Gurugram-based The India Craft House is changing livelihood of Indian artisansAthira Nair
It is a social enterprise, which wants to create a fair trade platform and support artisans across the country.
Indian handicraft products are universally adored, but the industry is seeing a decline as younger generation of artisans are looking elsewhere for more lucrative options. Since the products – sold in India and abroad – are often expensive, the customer base is niche too. However, these aesthetically appealing crafts never lost interest among art lovers.
A few years ago, Gurugram-based Sona Puri, Prakash Bhalekar and Shailesh Bishnoi decided to exploit the rapidly-growing ecommerce industry to the benefit of artisans. The trio – all former colleagues in the automotive sector and now in their 40s - launched an online shopping platform for handicrafts called The India Craft House (TICH) in 2013. It is a social enterprise, which wants to create a fair trade platform and support artisans across the country.
Both Prakash and Shailesh are mechanical engineers from IIT-Bombay, and Sona is an advertising/marketing professional. Prakash holds an MBA from Penn State University, US, and heads an automotive firm in Gurugram and earlier co-founded a solar solutions company.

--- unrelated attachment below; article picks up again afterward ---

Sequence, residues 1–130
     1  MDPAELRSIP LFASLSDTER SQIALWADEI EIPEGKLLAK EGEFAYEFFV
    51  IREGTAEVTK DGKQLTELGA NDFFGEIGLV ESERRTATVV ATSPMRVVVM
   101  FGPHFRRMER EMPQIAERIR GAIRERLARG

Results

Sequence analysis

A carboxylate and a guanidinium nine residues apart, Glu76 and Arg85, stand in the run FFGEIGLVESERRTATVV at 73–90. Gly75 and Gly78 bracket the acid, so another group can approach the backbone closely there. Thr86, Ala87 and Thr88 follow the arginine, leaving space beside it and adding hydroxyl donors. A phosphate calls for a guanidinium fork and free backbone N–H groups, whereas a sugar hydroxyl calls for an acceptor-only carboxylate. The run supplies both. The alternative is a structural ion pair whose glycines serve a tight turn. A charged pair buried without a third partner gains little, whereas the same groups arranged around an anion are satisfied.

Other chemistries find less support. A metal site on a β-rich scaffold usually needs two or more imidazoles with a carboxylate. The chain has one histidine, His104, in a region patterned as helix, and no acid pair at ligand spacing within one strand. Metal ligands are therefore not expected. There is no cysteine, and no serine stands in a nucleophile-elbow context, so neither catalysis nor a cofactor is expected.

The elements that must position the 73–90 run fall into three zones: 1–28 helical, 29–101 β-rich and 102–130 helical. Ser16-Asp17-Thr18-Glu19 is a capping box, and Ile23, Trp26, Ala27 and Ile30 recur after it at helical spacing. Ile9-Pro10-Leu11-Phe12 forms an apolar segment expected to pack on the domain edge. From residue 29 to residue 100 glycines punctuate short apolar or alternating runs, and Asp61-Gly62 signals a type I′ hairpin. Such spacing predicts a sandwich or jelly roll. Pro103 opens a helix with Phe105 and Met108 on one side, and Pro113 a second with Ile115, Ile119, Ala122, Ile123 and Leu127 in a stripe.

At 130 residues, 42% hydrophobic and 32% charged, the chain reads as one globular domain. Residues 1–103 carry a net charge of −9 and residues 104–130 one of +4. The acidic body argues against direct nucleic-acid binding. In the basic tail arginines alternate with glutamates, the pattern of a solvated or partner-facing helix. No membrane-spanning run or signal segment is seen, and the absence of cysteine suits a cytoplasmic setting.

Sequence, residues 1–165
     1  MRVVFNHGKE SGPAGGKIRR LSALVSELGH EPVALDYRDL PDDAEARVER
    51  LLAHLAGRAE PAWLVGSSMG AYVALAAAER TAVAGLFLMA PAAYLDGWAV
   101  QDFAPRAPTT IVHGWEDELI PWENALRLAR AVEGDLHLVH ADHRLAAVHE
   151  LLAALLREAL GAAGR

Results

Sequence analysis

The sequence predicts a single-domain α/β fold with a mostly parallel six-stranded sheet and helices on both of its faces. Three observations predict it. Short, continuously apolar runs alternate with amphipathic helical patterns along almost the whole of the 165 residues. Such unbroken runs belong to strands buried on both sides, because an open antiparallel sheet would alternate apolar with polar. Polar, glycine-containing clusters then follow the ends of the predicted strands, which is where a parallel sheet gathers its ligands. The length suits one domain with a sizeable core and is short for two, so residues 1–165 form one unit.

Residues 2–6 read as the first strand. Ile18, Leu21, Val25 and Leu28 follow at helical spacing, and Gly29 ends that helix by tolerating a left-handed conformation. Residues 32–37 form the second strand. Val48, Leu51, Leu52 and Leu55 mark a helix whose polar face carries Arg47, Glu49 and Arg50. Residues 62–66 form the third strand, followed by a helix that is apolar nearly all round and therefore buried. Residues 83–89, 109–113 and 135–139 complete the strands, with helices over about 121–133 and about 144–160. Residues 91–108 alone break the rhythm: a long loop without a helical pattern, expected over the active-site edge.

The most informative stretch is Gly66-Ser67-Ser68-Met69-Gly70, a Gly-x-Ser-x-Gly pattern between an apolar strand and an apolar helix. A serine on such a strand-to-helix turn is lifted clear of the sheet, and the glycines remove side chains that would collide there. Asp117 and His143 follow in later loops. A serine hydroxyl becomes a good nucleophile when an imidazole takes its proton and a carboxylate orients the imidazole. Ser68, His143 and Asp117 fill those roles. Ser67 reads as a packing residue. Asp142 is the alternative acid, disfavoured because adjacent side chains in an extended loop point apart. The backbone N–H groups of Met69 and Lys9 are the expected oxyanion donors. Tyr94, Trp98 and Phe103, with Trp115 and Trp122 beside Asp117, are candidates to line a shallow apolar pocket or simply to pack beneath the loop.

Sona, who spent most of her childhood in Kolhapur, was inspired by the works of craft activist Laila Tyabji and politician-cum-handicrafts curator Jaya Jaitly of Dastkari Haat Samiti.
During her career in rural advertising, she often travelled to the hinterlands, which further strengthened her connect with rural India.
Sona believes that enabling the artisans to reach new markets, and providing them with repeat orders, will help make craft a lucrative work option. There is a huge gap in the market for artisans to fill. So, this initiative could save a dying art and cater to a global audience at the same time. TICH is currently backed by angel investors.
Handicrafts are often perceived to be expensive. Since it is not a necessity, it is subject to many layers of decision making. While ecommerce today is dominated by personal products and gadgets, TICH’s biggest challenge was to make craft buying an equally attractive proposition.
Its popular categories include home décor, corporate gifts and women’s accessories like stoles, jewellery and bags.